I'm from Germany and I always try to improve my English. Lately, I've stumbled upon a website that deals with collective nouns, that is to say, names for various groups of animals.

I always thought you'd call, for instance, many owls just "a group of owls"; however, it said they are called "a parliament". Other examples are "a litter/kindle of kittens" and "a murder of crows".

I would never doubt the trustworthiness of this website, but is it really common for "normal" English speakers (people who aren't biologists etc.) to call groups of animals like that? Would not people be puzzled if I used those terms in everyday life?

  • 4
    Nah - most of these "terms of venery" are only known to most people because they're always turning up in pub night quizzes and Did you know? web pages. And even though I must have come across clowder of cats, raft of ducks, busyness of ferrets, etc. repeatedly over a lifetime, I've only been able to write them here because I just saw them in the list in that link. By tomorrow I'll have forgotten them again. They're not part of "normal spoken English" for ordinary folk. Sep 9, 2016 at 22:26
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    That said, some terms are more common that others. "Murder of crows" is well known, and litter is actually standard. Parliament of owls would probably not raise an eyebrow if it was used, although flock would (I suspect) occur to most people. I think the answer to the question is "possibly".
    – Andrew Leach
    Sep 9, 2016 at 22:30
  • But note that some, such as litter (of kittens, puppies, piglets, etc.) are perfectly common, as are words like herds and flocks (as "generic" terms - you're just as likely to hear herd of sheep as flock of sheep, perhaps partly because they're looked after by a shepherd). Sep 9, 2016 at 22:30
  • On Owls, has there ever been a flock of them? I understand them to be primarily solitary birds, each with its own territory. Perhaps the lady with too much time on her hands thought of their territories as analogous to constituencies or great landed estates and imagined the owls occasionally coming together to discuss matters of great import as MPs and Lords do. So it's a fanciful term, but also describes a fanciful thing (since they don't flock) so it sort of doesn't matter.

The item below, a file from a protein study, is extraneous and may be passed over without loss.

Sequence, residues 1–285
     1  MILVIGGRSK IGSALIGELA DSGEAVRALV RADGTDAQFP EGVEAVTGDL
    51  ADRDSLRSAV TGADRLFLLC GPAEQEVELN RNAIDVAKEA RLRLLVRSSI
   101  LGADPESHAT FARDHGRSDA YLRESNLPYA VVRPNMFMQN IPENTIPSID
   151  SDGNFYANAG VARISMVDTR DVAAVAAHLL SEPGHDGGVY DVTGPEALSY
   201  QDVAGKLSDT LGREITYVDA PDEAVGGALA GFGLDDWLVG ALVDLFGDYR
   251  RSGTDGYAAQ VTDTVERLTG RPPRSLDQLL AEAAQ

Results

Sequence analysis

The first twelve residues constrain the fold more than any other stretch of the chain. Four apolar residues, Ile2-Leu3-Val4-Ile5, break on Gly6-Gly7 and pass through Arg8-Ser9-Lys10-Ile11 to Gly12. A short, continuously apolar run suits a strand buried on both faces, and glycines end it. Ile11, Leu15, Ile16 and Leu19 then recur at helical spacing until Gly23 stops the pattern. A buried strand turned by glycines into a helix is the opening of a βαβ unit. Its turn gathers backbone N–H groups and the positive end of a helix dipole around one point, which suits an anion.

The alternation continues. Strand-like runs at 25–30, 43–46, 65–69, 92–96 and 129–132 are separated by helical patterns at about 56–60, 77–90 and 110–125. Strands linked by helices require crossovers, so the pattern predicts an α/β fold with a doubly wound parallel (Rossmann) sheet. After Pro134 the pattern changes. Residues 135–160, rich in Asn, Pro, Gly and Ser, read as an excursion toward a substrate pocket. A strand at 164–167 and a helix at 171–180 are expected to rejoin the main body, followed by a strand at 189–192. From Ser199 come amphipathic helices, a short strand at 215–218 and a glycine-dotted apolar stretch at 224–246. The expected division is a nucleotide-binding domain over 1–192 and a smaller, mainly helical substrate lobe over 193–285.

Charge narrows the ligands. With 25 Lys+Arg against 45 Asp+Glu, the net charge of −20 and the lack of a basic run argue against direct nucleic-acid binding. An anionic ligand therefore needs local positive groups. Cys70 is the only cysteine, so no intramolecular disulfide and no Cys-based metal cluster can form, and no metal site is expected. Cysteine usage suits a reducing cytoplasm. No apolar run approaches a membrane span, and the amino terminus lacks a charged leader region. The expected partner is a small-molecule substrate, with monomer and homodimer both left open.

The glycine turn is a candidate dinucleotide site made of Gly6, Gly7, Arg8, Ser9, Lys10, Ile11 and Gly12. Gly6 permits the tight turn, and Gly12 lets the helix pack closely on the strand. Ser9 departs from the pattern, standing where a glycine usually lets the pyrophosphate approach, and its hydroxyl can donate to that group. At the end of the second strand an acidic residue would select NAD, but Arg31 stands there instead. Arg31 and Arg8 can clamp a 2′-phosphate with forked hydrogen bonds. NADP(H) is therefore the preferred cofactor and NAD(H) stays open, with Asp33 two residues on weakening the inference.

– Spagirl
    Sep 26, 2016 at 9:13

2 Answers 2


It's going to be hard for the non-native speaker to sort the wheat from the chaff here; that is, to distinguish the common from the uncommon from the purely fanciful.

Fortunately, the Wikipedia article on List of English terms of venery, by animal deliberately indicates the standard terms in bold, like flocks of birds or of sheep*, schools of fish but pods of dolphins, herds of—well herd animals of course, prides of lions, packs of wolves, teams of horses, and so on.

A few of the more common alliterative terms like a a gaggle of geese or covey of quail or if you're very luck even a clowder of cats will be known by many. But the silly stuff from the Middle Ages like a murder of crows or an unkindness of ravens or a parliament of owls or a congregation of magpies are unlikely to be in general use.

There is probably room for a middle ground here for specialist terms, but where the lines are drawn is anybody's guess.

* I have no idea why both birds and sheep come in flocks.

  • That's exactly what I was looking for! I'll try to get used to the terms in bold. Thank you!
    – Fabian
    Sep 9, 2016 at 22:53
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    In my experience, murder of crows is pretty well known.
    – Nakaan
    Sep 10, 2016 at 5:45
  • Birds and sheep are both kind of soft and fluffy.
    – Hot Licks
    Sep 25, 2016 at 23:43
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    The murder of crows might be more common, although the movies, books and TV episodes that carry that title have seldom anything to do with actual crows and more with murder.
    – Helmar
    Sep 26, 2016 at 8:58

It's all nonsense, and mostly pretentious nonsense.

I'm truly sorry that I can't now find a reference to her, but some time prolly about the middle of the 18th century an English country gentlewoman with more time and imagination than most amused herself for half a day inventing the infamous list which includes parliaments, murders and the rest.

Purely because she did have such a vivid imagination, almost no-one since has been prepared to denounce the whole idea, and every time they don't it gains a little more credence.

Verify that at audubon.org/news/no-its-not-actually-murder-crows among other sites

  • I did hear an expert on the TV recently speaking at length about the wonderful murmurations of starlings near one of our local wildlife reserves. I always thought that was a pretentious invented term but either it's a genuine one or it's become accepted by birders as a result of monotonous repetition.
    – BoldBen
    Dec 2, 2016 at 13:48
  • @BoldBen In the case of the murmuration, it's used specifically to reference the particular flocking behavior of the starling and similar birds, the undulating waves that appear when the flock gets massive. Smaller, less mesmerizing flocks are just flocks.
    – No Name
    Apr 15, 2020 at 2:39
  • Also, I'll freely admit that the game of venery is nonsense, and pretentious nonsense at that, but it's fun nonsense!
    – No Name
    Apr 15, 2020 at 2:43

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